Tag Archives: Penguin

Guardian First Book Award longlist 2013

The awards nominations are coming thick and fast right now, and this time it’s the Guardian First Book Award longlist. The submissions (strictly first-time books, but any genre) are whittled down to the shortlist by a panel of judges: Susie Orbach, Rachel Cusk, Philip Hensher and Paul Mason and chaired by Guardian Review editor Lisa Allardice, and made up of store-based reading groups in Waterstones. The winner will be announced in November, receiving a prize of £10,000. Continue reading


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Rumour Has It – Thomas Pynchon

Gravity's RainbowHe’s notorious for secrecy, for being a recluse – refusing to have his picture taken, dismissing eBooks, and so on. No one in the press really quite knows what he’s up to and what he thinks. Which is why, on spotting this article on The Independent, I had to Google it – just to be sure. Continue reading

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Any Human Heart

Any Human Heart by William Boyd

Penguin: paperback published 2007: 490 pages

Every life is both ordinary and extraordinary, but Logan Mountstuart’s – lived from the beginning to the end of the twentieth century – contains more than its fair share of both. As a writer who finds inspiration in Paris and London, as a spy betrayed in the war and as an art-dealer in ’60s New York, Logan mixes with the movers and shakers of his times. But as a son, friend, lover and husband, he makes the same mistakes we all do in our search for happiness. Here, then, is the story of a life lived to the full – and a journey deep into a very human heart.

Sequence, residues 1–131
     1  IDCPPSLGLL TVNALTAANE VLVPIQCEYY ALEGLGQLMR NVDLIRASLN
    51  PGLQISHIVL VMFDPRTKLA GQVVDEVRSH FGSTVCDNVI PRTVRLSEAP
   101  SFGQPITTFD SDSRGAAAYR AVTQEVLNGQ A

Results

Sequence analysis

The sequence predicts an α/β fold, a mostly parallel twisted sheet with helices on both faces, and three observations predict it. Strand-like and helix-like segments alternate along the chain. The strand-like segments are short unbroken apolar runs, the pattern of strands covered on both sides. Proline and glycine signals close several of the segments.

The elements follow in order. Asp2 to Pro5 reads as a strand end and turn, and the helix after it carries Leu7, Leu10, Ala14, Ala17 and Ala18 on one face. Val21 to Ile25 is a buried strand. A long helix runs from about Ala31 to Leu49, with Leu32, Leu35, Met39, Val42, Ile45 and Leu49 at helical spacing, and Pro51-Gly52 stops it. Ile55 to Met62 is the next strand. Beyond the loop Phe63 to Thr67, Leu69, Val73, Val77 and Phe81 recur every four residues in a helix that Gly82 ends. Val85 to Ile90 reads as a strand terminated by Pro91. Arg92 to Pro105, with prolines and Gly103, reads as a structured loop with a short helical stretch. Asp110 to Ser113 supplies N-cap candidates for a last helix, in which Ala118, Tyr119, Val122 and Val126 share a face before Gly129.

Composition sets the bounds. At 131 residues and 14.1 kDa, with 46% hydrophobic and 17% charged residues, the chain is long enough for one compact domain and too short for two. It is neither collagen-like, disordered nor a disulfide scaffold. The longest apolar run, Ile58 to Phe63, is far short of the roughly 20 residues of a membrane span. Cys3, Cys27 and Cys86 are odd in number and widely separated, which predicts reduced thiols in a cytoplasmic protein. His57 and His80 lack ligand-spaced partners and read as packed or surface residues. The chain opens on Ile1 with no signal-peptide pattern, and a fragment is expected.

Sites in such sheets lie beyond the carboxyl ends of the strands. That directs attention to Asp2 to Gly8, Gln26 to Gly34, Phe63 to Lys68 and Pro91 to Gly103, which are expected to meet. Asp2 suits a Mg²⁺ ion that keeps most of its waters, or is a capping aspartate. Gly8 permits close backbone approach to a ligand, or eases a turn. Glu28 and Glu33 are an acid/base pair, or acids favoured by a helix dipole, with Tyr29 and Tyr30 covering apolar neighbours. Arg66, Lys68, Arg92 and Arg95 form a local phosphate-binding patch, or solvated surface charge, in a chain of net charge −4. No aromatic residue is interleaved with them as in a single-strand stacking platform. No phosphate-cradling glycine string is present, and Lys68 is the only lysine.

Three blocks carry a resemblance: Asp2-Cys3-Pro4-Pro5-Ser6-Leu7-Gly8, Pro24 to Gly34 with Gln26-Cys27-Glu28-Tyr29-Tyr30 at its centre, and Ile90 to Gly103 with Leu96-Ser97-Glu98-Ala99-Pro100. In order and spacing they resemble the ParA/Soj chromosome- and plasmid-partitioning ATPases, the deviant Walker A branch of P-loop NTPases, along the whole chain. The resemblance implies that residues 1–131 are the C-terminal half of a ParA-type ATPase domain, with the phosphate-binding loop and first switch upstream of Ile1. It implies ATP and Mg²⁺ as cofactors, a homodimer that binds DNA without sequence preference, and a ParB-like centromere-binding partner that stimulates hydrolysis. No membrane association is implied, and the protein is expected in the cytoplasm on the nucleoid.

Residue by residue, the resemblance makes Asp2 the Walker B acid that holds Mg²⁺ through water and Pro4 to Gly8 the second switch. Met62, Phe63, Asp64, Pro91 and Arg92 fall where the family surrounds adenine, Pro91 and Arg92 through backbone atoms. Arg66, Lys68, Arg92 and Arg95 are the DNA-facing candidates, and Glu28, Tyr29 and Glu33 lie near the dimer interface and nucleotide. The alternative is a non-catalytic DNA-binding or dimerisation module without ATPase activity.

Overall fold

I’ve never read any Boyd before, though I’ve been recommended it a thousand times. Any Human Heart is apparently one of his best, and I can believe it. This is a fictional journal of the life and experiences of one Logan Mountstuart – a flawed, selfish but ultimately loveable human being, who lives through some of the greatest moments in history the world has ever seen. The writing is lovely – poetic and simple and very expressive. You love and hate Logan in equal measure – both sympathising and disagreeing with him at the right points. I also love the fact that it’s written as if it’s a real account – with footnotes and historical references. There are certain points when my attention starts to waver – it moves too slowly, or Logan moans about something once too often, but there are also points when you are completely sucked in to the story, and are willing yourself to read faster just to find out more. It’s something I would recommend to others to read, because it has everything you need for a good story, and more. Just because Logan isn’t the most likeable of characters sometimes, doesn’t mean you don’t want to read what he has to say – because a lot of the time, he’s got some pretty interesting stuff to tell.

World War II, 1960s New York, Nigeria during the Biafran war, JFK being shot, affairs and deaths and brief interruptions of fame, rubbing shoulders with the good, the bad, and the beautiful… meeting royalty even. Logan lives throughout every decade of the 20th Century, and experiences the delights of each, sharing that with the reader in unadorned prose of self-reflection and philosophical recognition. William Sutcliffe, for the Independent on Sunday, calls it “Wise, profound and moving.” according to the jacket quote, and actually, I couldn’t have put it better myself. Though I could have had done with hearing less from the cantankerous, lecherous old man Logan becomes.